Nobody should have to sleep on the streets, especially during the colder months. What is being done to assist people move into accommodation, and what can you do to help?
Norwich, like cities around the country, has seen too many people sleeping rough in recent years.
As well as the city centre, rough sleeping happens elsewhere around the city in areas such as parks and woodland.
At our most recent count, on Wednesday 13 November, the number of people sleeping rough was 18 (compared to 21 at the same time last year).
Specialist support and accommodation
There is a range of supported housing venues in Norwich. This housing allows people to live safely and address any issues that have presented barriers to finding a permanent place to live.
Pathways Norwich, a group of expert agencies, engage with rough sleepers throughout the week all year round. You might not see them; a lot of their work happens early in the morning to help them reach as many people as possible.
The team’s approach seeks to find suitable accommodation for each individual, alongside any additional support that someone might need to secure a place to live.
Made up of representatives from organisations specialising in areas such as homelessness, public health and training, Norwich City Council commissions Pathways as part of our rough sleeping strategy.
We have secured government funding and planning permission for a new Somewhere Safe to Stay Hub, which is due to be up and running by the end of this year. Providing 15 additional beds, this hub will provide shelter for anyone working with Pathways and awaiting accommodation.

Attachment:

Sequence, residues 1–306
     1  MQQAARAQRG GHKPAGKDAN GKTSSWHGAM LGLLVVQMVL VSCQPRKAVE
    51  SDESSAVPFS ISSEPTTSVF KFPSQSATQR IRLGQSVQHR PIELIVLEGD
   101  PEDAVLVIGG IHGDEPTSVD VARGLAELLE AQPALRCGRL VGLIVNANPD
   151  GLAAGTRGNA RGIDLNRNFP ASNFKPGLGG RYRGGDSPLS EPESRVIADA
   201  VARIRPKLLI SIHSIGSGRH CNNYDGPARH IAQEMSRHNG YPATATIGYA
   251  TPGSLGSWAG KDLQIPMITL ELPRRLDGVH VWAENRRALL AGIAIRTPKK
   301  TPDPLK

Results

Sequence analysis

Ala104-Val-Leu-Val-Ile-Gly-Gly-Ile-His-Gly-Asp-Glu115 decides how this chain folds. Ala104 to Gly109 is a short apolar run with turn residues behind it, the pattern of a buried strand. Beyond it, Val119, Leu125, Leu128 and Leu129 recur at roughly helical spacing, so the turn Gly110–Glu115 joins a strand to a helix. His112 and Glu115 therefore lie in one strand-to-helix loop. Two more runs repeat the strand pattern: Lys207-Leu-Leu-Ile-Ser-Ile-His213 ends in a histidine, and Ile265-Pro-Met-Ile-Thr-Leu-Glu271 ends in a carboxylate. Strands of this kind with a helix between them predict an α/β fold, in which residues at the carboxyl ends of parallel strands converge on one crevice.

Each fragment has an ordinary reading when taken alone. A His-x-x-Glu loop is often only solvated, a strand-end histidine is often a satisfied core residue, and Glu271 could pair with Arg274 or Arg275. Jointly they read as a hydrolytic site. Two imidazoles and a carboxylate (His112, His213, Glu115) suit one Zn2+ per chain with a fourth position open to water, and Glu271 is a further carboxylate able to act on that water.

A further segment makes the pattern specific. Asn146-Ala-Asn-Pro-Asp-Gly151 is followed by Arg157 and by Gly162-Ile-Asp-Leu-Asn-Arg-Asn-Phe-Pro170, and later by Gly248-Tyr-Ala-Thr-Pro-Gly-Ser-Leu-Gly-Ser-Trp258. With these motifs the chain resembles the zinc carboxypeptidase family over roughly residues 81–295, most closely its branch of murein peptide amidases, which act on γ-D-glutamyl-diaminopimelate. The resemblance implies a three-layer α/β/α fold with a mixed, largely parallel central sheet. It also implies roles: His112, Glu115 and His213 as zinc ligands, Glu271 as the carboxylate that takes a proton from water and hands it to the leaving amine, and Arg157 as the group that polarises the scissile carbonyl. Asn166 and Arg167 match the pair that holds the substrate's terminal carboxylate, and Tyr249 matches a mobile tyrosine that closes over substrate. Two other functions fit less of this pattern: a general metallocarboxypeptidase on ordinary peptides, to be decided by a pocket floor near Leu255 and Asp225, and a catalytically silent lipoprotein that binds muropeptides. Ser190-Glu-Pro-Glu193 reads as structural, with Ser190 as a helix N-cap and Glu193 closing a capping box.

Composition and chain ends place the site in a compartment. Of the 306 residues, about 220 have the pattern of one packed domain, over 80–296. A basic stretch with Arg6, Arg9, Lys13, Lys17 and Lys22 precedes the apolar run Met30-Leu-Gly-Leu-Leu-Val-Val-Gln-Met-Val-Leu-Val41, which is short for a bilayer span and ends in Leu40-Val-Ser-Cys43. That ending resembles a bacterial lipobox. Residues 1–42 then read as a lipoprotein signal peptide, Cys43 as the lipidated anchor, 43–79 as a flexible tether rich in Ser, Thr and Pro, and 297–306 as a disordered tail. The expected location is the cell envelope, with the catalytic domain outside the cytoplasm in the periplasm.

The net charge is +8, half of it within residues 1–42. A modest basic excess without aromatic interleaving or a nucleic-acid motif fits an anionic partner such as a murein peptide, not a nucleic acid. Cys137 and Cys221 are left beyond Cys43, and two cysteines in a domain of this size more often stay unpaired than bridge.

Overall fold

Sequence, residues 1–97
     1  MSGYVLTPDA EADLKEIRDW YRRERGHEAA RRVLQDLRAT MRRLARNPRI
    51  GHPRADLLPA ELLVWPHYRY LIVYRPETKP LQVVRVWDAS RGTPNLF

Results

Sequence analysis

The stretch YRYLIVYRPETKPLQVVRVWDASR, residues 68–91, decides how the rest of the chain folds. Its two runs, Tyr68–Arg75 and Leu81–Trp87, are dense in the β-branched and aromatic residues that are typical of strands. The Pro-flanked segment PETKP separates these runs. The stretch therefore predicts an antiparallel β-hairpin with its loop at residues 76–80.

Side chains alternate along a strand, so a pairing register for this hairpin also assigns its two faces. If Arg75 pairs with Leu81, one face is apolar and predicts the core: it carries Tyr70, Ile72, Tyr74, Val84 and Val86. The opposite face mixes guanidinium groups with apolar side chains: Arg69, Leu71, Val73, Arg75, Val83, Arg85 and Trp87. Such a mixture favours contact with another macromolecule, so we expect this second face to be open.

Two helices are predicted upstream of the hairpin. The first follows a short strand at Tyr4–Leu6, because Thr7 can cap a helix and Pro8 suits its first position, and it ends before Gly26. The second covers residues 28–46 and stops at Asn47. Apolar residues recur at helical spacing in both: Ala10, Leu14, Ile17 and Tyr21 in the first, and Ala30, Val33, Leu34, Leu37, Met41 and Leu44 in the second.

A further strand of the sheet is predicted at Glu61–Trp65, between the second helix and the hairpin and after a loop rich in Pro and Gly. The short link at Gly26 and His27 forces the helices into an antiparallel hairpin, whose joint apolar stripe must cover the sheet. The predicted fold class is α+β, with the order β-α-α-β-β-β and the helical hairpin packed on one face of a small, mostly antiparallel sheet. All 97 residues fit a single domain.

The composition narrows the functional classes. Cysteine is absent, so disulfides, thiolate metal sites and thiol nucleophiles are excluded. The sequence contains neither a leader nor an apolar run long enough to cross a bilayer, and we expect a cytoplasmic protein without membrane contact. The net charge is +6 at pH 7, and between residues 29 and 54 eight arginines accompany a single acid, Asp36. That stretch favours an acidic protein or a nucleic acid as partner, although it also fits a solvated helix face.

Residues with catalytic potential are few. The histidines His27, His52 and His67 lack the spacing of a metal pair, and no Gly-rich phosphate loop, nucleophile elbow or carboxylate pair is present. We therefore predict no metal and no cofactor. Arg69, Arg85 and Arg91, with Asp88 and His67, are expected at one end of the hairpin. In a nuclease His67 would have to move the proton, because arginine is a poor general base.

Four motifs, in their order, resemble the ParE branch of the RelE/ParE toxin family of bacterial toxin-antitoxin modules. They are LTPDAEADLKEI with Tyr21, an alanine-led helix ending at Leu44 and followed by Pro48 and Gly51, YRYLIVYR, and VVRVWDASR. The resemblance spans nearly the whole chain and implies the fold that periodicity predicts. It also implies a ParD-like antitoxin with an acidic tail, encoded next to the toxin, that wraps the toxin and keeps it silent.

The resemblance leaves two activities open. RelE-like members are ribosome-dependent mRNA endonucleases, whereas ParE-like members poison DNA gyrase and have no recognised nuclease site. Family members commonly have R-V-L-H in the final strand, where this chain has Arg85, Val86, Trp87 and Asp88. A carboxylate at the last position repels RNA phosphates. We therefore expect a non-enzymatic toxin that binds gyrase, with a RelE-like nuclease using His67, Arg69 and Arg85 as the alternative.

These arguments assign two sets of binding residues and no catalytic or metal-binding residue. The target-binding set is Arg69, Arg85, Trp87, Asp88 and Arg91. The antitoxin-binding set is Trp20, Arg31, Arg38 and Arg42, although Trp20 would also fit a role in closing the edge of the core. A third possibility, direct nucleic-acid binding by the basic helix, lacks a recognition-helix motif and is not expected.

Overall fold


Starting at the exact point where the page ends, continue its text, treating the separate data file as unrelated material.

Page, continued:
Over the winter, we also work with community and faith groups to run a winter shelter for anyone waiting to have their housing needs assessed.
Access to food and advice
Free housing advice is available at City Hall from Monday to Friday.
There is a range of free and low cost food available around the city each day, often at venues offering support and advice.
We also provide community food grants, thanks to funding from Norfolk County Council, to groups looking to deliver community-led meals. So far, we have awarded nine grants at venues around the city, as well separate funding for The Feed to host a weekly community meal for specific groups.
Severe weather arrangements
When a temperature of zero degrees Celsius or lower is forecast for at least three consecutive nights, we will activate the Severe Weather Emergency Protocol (SWEP), to make sure no one has to sleep rough that night.
These arrangements usually rely on using community buildings like churches and camp beds, which is not sustainable on a long-term basis.
If you are worried about a rough sleeper, let us know by reporting them via Street Link. This information will be used to help us identify any rough sleepers we aren’t already aware of. Where possible, we will let you know that we are in touch with the individual concerned.
You can also donate to Norwich Street Aid to contribute to the work being done to support rough sleepers in the city.
Have you thought about volunteering? Contact Pathways directly to let them know you’d like to help.